The Hooligan Years

A couple of weeks ago I took a walk through a past life. A quarter of a century ago I was still a teenager, albeit approaching the end of those years. I worked for a posh convenience store called Cullens in Gloucester Road, Kensington. And for a while I had a very posh address on Oakley Street. The actual accommodation that I called home was anything but posh. A bedsit with a communal toilet and shower room a couple of flights of stairs up, the rent for which amounted to half my weekly wages. The peeled paint on the walls was old enough to qualify as an exhibit on the Antiques Roadshow. The less said about the loo and shower the better.

But it was all about the location. At one end of the street is Kings Road, which was one of the hippest parts of London. At the other end you’ll find the Albert Bridge, which looks resplendant in the evening with its pink paint job, illuminated by enough bulbs to light up a sizeable village. When I finished work on the late shift at about 10.30, I’d sometimes go with a couple of friends for a beer in the Stanhope Tavern. In those days, pubs threw the punters out at about half past eleven, so we needed to find other ways to amuse ourselves. Now and again, during the warmer summer months, we’d walk down to the Albert Bridge with a few tins of lager and discuss the rights and wrongs of the world. I doubt the beers added much to the intellectual content of our conversations, but that’s by the by.

There is a tree to one side of the Albert Bridge, next to a bench, on the north bank of the river. It is a great tree to climb with reasonably comfortable perches for three people. We’d sit up in the tree chatting for an hour or two. In hushed voices. We didn’t want to alert our prey to our presence. The river path would be deserted at that time of night. Even the road traffic was pretty minimal. Every now and then a jogger would pass and we’d scare him out of his skin for our amusement. Outrageous sneezes were our weapon of choice. Cruel I know, but the sort of person that goes out for a midnight jog is a glutton for punishment anyway.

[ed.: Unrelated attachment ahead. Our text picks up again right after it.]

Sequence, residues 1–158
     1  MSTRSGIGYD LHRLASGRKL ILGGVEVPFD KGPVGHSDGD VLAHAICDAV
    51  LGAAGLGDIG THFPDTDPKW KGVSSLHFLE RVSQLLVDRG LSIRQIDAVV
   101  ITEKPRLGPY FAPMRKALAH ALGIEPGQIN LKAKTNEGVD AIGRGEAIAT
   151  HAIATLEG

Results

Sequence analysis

The biggest drawback of my living arrangements came when nature called in the middle of the night. It’s a long old walk up two creaky flights of stairs in the pitch black at three in the morning. I won’t lie. There was more than one occasion when I opened the sash window of my room and watered the plants in the garden three stories below. If it had been a particularly heavy night, I could water some of next doors fuchsias too. I was just doing my bit for the environment.

Perhaps you’re appalled at my loutish behaviour, so let’s move along. Next stop on the walk is the junction of Oakley Street and Kings Road. There’s a fire station right opposite. To the best of my memory, it’s the only fire station I have ever been inside. My visit came in the middle of the night. I casually strolled in the front door wearing a t-shirt, my boxer shorts and a pair of trainers. Not my most dignified ever entrance, I’ll admit. I explained my predicament, which probably needed little explaining.

On one of the rare occasions I had opted to do the decent thing and clamber up the stairs to use the loo rather than the window, I had forgotten to take the keys to my room. The door closed and locked shut behind me. Awkward. There’s an exception to every rule, and I had just discovered the one for the old saying, ‘don’t piss on your own doorstep’. I clearly should have.

The only solution seemed to be to seek the help of a fireman at the local station, who would surely be fully equipped with the necessary tools for a problem such as this. I was right. Three of them came up with a bag of spanners, screwdrivers, hammers, other tough looking implements and a huge library of jokes, all of which were squarely aimed at me. They  inspected the lock and frame and then selected the right tool for the job. Which turned out to be a hefty boot to kick the door in. Not entirely what I was expecting.

But it got me back in. And besides I was a low income tenant in a flat barely above slum status. The landlord should expect such incidents. Not that I hung around to see the landlord when I vacated. I disappeared quick sharpish a few weeks rent in arrears, leaving behind an unsecured door, a three foot pile of Autocar and Motor magazines, some unwashed dishes and the most thoroughly watered flower beds in the whole of Chelsea.


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